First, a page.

This is an extract of our Challenges To The Human Rights Act document, which we sell as part of our GDL Public Law Notes collection written by the top tier of Cambridge/Bpp/College Of Law students.
The following is a more accessble plain text extract of the PDF sample above, taken from our GDL Public Law Notes. Due to the challenges of extracting text from PDFs, it will have odd formatting:
Challenges to the Human Rights Act _______________________________________________________
Touchy topics The government (especially under May) is loathed to surrender national powers over the following:
?????Prisoner voting rights The balancing act that is happening is between liberty and national security - the 'unhappy' fact of fundamental freedoms is that everyone is entitled to them, even the most evil man on earth. This seems to baffle a great number of politicians who believe in a more quid pro quo social model - rights in return for allegiance & submission to the laws. Maybe we should return to kissing the ring of the King in exchange for a plot of land eh?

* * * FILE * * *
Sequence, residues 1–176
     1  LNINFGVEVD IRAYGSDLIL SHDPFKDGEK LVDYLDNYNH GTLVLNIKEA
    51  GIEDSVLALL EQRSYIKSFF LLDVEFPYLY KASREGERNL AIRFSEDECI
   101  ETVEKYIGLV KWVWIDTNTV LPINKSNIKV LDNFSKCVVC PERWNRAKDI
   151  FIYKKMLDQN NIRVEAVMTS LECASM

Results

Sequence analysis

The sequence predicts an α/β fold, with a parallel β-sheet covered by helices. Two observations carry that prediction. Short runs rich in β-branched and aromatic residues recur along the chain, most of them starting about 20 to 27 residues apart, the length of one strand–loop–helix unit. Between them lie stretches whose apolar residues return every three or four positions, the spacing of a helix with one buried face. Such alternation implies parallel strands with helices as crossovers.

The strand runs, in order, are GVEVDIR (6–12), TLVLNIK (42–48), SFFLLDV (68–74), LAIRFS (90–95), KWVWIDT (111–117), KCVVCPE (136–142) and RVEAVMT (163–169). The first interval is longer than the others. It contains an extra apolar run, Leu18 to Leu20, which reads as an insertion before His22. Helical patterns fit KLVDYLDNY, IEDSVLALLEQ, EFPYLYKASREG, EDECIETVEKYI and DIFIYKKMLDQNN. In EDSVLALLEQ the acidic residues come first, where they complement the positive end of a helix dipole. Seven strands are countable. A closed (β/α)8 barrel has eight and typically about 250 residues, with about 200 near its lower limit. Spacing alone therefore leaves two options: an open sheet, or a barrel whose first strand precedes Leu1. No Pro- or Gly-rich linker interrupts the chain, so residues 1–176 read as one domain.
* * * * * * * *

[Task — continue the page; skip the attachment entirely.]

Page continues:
This boils down to a shoot-out between parliamentary sovereignty and the thick rule of law which restrains the government from doing certain things. However the issue with the thick rule of law, of course, is that it must be administered on a practical level by the courts. It is a justifiable criticism that judges should not be law-makers as this unsettles the separation of powers. It is, of course, also a democratic issue. The debate centres around a movement away from political constitutionalism (determined by an elected dictatorship executive) -> legal constitutionalism (administered by the judiciary). 2012 Commission on a Bill of Rights Arguments in favour of a UK Bill of Rights: a) The Human Rights Act is inadequate. a. the Human Rights Act is perceived negatively (regardless of whether this perception is informed/ justified or illinformed/unjustified); b. the current system under the Human Rights Act has resulted in unpopular judicial and related decisions; and c. a UK Bill of Rights would be more effective than the Human Rights Act in protecting the rights of individuals. b) A UK Bill of Rights would be more 'British' and less 'European'. a. a UK Bill of Rights would result in greater domestic 'ownership' of rights; rights would be less 'foreign'; and
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